Fortunately, we can interpret interactions without referring to any additional program by presenting eects as multiplicative eects (for example, odds ratios, incidencerate ratios, hazard ratios). However, the marginal eects and the multiplicative eects answer subtly dierent questions, and thus it is a good idea to have both tools in your toolbox. The interpretation of results is best explained using an example. Here we study whether the eect of having a college degree (collgrad) on the odds of obtaining a high job (high occ) diers between black and white women.
. sysuse nlsw88 (NLSW, 1988 extract) . generate byte high_occ = occupation < 3 if occupation < . (9 missing values generated) . generate byte black = race == 2 if race < . . drop if race == 3 (26 observations deleted) . generate byte baseline = 1 . logit high_occ black##collgrad baseline, or noconstant nolog Logistic regression Number of obs Wald chi2(4) Log likelihood = -1199.4399 Prob > chi2 high_occ 1.black 1.collgrad black# collgrad 1 1 baseline Odds Ratio .4194072 2.465411 Std. Err. .0655069 .293568 z -5.56 7.58 P>|z| 0.000 0.000

= = =

2211 504.62 0.0000

[95% Conf. Interval] .3088072 1.952238 .5696188 3.113478

1.479715 .3220524

.4132536 .0215596

1.40 -16.93

0.161 0.000

.8559637 .2824512

2.558003 .3672059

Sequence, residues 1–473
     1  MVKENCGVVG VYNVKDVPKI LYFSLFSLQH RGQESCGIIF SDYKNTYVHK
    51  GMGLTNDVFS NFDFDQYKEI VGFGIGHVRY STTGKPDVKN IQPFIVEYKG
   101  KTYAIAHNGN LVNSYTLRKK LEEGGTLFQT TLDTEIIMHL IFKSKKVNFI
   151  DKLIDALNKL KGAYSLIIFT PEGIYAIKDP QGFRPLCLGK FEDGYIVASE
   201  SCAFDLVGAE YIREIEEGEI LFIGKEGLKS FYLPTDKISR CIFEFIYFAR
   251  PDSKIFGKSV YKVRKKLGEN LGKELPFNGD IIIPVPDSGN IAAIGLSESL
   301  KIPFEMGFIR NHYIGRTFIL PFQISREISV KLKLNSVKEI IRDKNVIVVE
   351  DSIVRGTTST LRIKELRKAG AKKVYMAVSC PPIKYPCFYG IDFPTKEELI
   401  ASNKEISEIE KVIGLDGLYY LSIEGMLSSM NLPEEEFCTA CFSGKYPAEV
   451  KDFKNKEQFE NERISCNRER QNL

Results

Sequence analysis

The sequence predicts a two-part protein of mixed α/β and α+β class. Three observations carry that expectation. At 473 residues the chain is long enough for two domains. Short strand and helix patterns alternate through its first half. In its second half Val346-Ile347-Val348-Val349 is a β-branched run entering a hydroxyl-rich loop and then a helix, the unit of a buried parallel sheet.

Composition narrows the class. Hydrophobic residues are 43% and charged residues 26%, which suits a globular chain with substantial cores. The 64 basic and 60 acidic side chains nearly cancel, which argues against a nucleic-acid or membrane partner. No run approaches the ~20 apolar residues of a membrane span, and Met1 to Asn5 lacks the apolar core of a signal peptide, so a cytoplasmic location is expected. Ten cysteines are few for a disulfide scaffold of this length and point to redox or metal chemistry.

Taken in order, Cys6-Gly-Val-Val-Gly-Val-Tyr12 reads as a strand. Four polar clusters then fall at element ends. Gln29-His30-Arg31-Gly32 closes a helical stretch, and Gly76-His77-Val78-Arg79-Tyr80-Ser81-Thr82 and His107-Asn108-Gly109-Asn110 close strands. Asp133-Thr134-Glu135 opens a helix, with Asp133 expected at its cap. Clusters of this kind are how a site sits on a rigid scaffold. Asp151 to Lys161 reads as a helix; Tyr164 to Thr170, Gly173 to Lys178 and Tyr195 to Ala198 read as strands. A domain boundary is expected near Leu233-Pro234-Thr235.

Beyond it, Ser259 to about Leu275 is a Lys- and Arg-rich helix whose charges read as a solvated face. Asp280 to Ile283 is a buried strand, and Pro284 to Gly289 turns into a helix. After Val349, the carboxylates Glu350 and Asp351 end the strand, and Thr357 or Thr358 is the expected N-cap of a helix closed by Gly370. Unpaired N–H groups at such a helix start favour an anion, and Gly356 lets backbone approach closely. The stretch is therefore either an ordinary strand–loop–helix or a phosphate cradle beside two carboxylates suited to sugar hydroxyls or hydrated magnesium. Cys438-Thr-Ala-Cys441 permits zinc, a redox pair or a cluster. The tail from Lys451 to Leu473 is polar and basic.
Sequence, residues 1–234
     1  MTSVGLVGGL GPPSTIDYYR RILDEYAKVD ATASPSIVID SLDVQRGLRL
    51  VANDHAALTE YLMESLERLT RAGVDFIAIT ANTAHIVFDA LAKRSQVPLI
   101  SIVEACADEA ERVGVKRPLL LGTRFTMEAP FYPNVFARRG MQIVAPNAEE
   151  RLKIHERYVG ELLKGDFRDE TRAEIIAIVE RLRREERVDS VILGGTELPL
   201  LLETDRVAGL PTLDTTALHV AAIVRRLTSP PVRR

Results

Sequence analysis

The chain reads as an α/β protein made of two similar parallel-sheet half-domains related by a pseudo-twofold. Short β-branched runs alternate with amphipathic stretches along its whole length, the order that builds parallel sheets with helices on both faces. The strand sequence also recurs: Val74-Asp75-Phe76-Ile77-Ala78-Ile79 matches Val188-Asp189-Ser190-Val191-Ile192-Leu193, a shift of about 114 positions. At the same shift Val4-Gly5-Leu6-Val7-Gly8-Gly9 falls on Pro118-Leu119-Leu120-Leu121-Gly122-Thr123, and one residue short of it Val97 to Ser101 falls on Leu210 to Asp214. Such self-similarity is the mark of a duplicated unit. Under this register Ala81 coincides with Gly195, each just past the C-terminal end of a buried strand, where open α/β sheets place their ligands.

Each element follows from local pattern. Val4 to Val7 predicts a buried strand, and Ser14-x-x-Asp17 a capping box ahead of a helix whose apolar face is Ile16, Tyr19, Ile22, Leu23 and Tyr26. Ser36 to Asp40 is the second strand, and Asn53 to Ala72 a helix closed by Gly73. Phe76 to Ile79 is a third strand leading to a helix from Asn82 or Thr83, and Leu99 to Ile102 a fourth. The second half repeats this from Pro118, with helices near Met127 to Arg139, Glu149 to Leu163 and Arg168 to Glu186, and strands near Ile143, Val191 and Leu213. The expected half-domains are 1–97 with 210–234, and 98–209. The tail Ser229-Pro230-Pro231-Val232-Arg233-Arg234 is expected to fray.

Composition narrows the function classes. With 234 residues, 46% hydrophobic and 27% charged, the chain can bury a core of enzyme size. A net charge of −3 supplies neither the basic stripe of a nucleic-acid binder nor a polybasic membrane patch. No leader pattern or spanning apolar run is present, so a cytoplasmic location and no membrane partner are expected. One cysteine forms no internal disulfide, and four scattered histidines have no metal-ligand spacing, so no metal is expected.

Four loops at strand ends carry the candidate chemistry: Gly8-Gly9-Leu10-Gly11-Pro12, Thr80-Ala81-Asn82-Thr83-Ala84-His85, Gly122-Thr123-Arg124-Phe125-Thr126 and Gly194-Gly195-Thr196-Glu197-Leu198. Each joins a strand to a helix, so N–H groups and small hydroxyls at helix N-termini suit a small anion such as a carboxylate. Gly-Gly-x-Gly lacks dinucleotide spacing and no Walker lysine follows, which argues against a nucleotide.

If we were to interpret these results in terms of marginal eects, we would typically look at the eect of the explanatory variables on the probability of attaining a high job. However, this example uses a logit model together with the or option, so the dependent variable is measured in the odds metric rather than in the probability metric. Odds have a bad reputation for being hard to understand, but they are just the expected number of people with a high job for every person with a low job. For example, the baseline oddsthe odds of having a high job for white women without a college degreeis 0.32, meaning that within this category, we expect to nd 0.32 women with a high job for every woman with a low job. The trick I have used to display the baseline odds is discussed in an earlier tip (Newson 2003). The odds ratio for collgrad is 2.47, which means that the odds of having a high job is 2.47 times higher for women with a college degree. There is also an interaction eect between collgrad and black, so this eect of having a college degree refers to white women. The eect of college degree for black women is 1.48 times that for white women. So the interaction eect tells how much the eect of collgrad diers between black and white women, but it does so in multiplicative terms. The results also show that this interaction is not signicant.